February 3, 2023

LibertyMarkets & Free Enterprise

Renewables Are More Bipartisan Than Polarizing. Let’s Treat Them That Way.

By: Kelvey Vander Hart

It seems like politicians and activists have been scoring political points off of renewable energy for ages. Accusing the ‘others’ as being pro- or anti-renewable is often just the type of polarization that can help agitate supporters into action. But now renewable energy is actually more bipartisan than it is polarizing , and it is about time we treat it that way. 

Renewable bipartisanship recently had a good moment in the press. The U.S. Energy Information Administration announced that Texas could soon overtake California in solar power capacity. Politico also recently reported, albeit in a politically polarizing way, that renewable development is taking off in red states across the country. All of this news was met with applause from one of the key Democratic voices on the environment within the Biden administration: U.S. Energy Secretary Jennifer Granholm. 

“With respect to Texas, what an opportunity for every state to be able to produce clean energy. And, in fact, a recent Politico story suggested that there was an abundance of announcements coming out of red states. Great! That is fantastic,” Granholm said. “We want to be able to see energy, clean energy produced in every pocket of the country—blue states, red states—really, it helps to save people money, so it’s really all about green.”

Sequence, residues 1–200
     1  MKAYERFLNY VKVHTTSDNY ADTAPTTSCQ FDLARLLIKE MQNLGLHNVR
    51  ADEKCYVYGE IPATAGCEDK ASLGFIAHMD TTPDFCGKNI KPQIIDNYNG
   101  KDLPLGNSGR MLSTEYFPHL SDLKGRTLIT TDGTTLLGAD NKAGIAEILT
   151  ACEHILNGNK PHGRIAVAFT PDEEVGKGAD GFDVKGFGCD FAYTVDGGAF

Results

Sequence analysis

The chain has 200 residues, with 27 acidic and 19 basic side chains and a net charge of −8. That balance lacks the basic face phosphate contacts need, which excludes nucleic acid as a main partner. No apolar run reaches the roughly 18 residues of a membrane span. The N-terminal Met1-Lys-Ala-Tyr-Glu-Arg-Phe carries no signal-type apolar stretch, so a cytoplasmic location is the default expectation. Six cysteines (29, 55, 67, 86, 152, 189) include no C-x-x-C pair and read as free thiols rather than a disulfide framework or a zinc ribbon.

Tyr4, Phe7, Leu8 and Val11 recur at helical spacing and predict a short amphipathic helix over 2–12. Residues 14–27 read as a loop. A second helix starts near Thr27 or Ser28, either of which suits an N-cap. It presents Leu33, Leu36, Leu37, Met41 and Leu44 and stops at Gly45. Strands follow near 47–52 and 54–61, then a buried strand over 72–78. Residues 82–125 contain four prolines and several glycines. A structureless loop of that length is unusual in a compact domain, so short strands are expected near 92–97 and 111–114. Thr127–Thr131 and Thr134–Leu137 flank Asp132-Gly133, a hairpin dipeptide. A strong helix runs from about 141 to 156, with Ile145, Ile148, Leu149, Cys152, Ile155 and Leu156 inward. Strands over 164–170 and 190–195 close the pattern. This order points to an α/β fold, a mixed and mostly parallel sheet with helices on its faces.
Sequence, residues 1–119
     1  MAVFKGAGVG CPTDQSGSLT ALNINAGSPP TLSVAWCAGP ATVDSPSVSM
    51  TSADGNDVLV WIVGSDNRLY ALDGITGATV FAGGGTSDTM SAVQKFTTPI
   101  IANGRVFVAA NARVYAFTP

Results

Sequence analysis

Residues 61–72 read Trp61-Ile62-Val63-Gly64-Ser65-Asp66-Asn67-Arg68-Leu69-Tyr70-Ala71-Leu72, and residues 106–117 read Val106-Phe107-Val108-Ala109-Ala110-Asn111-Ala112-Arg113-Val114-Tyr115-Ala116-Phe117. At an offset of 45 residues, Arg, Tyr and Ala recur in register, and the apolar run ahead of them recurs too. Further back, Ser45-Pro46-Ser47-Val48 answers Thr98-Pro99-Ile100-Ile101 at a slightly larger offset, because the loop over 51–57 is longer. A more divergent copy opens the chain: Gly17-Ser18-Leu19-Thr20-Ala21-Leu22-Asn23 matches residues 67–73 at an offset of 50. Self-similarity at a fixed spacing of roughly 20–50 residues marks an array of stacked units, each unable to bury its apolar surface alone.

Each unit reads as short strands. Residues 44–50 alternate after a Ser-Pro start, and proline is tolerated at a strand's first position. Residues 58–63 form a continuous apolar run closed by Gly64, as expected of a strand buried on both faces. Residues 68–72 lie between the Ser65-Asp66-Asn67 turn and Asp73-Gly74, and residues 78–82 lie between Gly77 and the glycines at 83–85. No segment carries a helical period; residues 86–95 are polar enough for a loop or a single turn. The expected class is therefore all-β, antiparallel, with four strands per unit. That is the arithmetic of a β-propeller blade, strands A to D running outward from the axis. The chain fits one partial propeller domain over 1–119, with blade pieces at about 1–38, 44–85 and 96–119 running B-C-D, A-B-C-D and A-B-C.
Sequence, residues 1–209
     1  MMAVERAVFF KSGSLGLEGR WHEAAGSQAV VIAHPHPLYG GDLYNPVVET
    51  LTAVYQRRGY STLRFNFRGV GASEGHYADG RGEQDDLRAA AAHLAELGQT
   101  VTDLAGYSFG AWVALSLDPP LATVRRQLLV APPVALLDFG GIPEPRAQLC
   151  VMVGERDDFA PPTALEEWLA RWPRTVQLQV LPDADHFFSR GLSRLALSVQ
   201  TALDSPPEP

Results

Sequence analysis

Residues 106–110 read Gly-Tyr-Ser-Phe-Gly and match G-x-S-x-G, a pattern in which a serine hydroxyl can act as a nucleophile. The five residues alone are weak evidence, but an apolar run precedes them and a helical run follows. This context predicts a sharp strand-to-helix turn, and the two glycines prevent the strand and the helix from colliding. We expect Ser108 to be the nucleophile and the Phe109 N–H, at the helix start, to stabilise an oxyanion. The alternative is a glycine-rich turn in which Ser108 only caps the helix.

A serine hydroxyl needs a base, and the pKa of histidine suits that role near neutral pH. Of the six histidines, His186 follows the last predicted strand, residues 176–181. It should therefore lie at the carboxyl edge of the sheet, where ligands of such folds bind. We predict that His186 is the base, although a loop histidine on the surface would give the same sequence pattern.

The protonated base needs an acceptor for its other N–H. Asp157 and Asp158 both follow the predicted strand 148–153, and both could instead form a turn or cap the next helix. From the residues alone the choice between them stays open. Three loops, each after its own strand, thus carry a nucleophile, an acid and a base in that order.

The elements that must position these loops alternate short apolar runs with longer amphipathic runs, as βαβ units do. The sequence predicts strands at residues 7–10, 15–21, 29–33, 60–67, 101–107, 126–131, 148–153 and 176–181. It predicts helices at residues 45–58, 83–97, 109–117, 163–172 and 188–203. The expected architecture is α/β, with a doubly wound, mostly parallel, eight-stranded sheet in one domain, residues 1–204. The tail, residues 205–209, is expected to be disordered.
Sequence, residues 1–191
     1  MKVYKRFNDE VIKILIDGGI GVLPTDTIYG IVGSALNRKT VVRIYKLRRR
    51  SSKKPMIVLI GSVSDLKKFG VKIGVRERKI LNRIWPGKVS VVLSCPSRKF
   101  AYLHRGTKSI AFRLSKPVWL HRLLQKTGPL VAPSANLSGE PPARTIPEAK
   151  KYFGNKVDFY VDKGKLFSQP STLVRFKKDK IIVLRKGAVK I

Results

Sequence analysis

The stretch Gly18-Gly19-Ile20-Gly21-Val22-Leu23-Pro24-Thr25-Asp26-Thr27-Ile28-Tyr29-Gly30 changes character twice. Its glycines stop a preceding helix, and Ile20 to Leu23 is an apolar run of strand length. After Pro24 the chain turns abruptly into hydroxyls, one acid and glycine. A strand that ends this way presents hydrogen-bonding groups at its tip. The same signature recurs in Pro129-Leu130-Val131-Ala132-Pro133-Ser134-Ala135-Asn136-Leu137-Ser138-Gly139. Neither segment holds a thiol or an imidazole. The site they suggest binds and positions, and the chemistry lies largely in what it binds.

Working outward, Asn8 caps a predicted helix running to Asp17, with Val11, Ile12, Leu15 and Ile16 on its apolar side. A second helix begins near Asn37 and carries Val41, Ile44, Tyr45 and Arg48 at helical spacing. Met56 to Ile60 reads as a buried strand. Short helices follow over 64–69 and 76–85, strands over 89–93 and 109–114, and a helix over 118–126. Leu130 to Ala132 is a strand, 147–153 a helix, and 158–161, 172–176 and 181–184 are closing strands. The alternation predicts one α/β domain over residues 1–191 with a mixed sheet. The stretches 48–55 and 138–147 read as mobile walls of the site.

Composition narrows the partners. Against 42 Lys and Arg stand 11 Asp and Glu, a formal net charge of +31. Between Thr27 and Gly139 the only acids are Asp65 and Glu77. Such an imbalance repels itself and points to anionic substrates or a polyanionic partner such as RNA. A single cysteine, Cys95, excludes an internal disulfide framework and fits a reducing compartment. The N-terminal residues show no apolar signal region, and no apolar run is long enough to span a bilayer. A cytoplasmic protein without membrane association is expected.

Granholm had a good point—a driving factor of growing renewable bipartisanship is framing it from an economic perspective instead of discussing it within the context of climate change. The economic impact figures of renewable energy are powerful enough to change minds. The American Clean Power Association reports that clean power has employed 443,000 Americans while generating $2.8 billion a year in landowner lease payments and state and local taxes.

We all want good jobs and healthy economies in our states. We all want energy that keeps the lights on without price hikes. These desires are unifying. Being able to rally around these goals and, regardless of slight differences in opinion, point to renewable energy as a path forward is what has converted this into a bipartisan issue. 

To be sure, there are figureheads on both the left and the right that want you to believe that the whole country cannot find common ground on renewables. But should we really be taking our policy (or political) cues from the Charlie Kirks, the Tucker Carlsons, or the Sunrise Movements of the world? 

It should also be emphasized that haggling over differences does not make for a polarizing issue. It has become evident that environmentalism as a whole is a bipartisan issue, yet there is still plenty of room for disagreements and differing ideas. There is even plenty of room for concern, like wanting to know more about recent wind turbine collapses, while still refusing to treat renewable energy as politically polarizing. 

You may be on the right or on the left. You may vote red or blue (or gold, or green…). But wherever you stand, it is hard not to see that renewable energy is taking off, it is bringing serious benefits to our country, and it is here for good. It is time we all embrace renewable energy as a bipartisan issue and get started on working out the kinks instead of pretending like it is still logical or fashionable to treat it as something divisive.